The American Dream has seen more popular days. Not only has government expansion gradually crowded out the promise of the American Dream, but certain strains of Christianity have challenged it on a moral and theological level. But is the American Dream really at odds with Christianity? Not necessarily. In some cases the American Dream corresponds with Christian ideals, and in other aspects it depends on how it is approached on the individual level.
At the most basic level, the “American Dream” provides opportunity; it leaves the door open for people to pursue their dreams as far as their hard work and responsibility can take them. In its perfect form, the American Dream does not distinguish between race, nationality, gender or religion, but provides equal opportunity for all to pursue their dreams, none of which is anti-Christian in itself. In the modern context, however, the American Dream is often negatively associated by Christians, such as mega church pastor David Platt, with individualism, materialism and status. Platt argues that Christians should rebel against the American Dream, giving away potentially everything we have instead of simply striving for success. There are two problems with his argument. First, it does the very thing it claims to oppose. If prosperity is viewed as incompatible with Christianity, then why give money to the poor in India or the needy in our communities in order to increase their prosperity? The ultimate goal is the same. Assuming, then, that the goal is to increase others’ well-being, the question must be asked: What is more effective, or more sustainable if you will: giving away all you have in a moment of fervent radicalism, or working hard your entire life to be successful in order to be able to continually contribute to the needs of your community and the world? There is a much stronger biblical case for the latter. Second Thessalonians chapter three recounts how Paul worked and toiled to avoid being a “burden” to anyone.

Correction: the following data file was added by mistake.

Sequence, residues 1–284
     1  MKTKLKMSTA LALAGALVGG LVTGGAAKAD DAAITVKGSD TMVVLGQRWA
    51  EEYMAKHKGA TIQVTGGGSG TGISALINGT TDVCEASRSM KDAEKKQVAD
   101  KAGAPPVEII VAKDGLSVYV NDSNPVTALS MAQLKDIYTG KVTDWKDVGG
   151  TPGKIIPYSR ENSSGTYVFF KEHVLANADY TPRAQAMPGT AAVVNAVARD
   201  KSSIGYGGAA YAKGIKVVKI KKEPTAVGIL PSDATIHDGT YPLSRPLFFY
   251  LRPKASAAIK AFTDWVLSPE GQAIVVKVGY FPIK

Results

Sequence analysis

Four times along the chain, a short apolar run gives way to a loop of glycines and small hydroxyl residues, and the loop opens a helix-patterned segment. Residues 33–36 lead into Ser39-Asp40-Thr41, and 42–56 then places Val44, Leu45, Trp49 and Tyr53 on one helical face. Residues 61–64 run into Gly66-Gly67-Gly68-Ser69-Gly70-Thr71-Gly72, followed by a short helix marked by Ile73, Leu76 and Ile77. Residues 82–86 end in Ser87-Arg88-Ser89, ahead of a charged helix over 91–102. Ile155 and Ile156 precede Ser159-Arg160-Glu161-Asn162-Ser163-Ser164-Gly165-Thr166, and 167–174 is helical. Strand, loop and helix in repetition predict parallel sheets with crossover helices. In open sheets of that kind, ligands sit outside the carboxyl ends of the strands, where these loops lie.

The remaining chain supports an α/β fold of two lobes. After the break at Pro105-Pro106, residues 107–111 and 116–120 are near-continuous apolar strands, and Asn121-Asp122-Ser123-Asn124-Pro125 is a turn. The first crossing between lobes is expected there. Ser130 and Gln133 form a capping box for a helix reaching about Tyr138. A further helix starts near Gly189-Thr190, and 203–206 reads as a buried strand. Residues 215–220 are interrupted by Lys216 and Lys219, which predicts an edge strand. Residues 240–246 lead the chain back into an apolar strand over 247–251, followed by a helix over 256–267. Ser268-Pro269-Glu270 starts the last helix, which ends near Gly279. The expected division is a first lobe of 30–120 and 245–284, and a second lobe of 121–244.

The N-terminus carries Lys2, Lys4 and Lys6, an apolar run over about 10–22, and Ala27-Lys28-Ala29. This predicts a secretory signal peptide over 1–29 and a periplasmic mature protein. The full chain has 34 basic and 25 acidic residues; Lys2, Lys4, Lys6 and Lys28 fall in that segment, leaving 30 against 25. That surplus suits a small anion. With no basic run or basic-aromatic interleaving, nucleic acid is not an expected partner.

By working hard and taking responsibility for himself instead of relying on the collective, Paul lived out in a Christian way, the individualism of the American Dream. Working, and working hard, is an integral part of the Christian life. Later on in Second Thessalonians, Paul instructs the Thessalonians that “if a man will not work, he shall not eat.” Regarding status and success, Colossians 3:23 instructs Christians in this way: “Whatever you do, work at it with all your heart, as working for the Lord, not for men.” There is no higher work-ethic. Furthermore, Proverbs 14:23 notes that “all hard work brings a profit,” and Proverbs 22:29 declares that a skilled man “will serve before kings,” not “obscure men.” Thus, we are commanded to work hard for Christ and, if we do our duty well, presumably our hard work will bring profit and recognition. Up to this point, this seems to fit nicely with the American Dream.
What Christians need to be wary of is making wealth the ultimate goal. Riches and success are no substitute for reliance on God, since even the richest are not safe from trouble (Proverbs 11:28). The fact that some individuals allow themselves to be controlled by materialism is not an indictment of the opportunity provided by the American Dream. The American Dream that allows one person to relentlessly pursue material success is the same Dream that allows another person to spend a lifetime working in nonprofit ministry. Indeed it is precisely the prosperity that has resulted from the American Dream which has allowed the U.S. to be the world’s largest contributor (by far) to charitable causes, according to Arthur Brooks of the American Enterprise Institute.
Instead of renouncing the American Dream, Christians should take advantage of the opportunity it provides to succeed, and then turn around and reinvest that success back into the Kingdom of God.
Nelsen is a senior majoring in political science. Comments can be sent to firstname.lastname@example.org.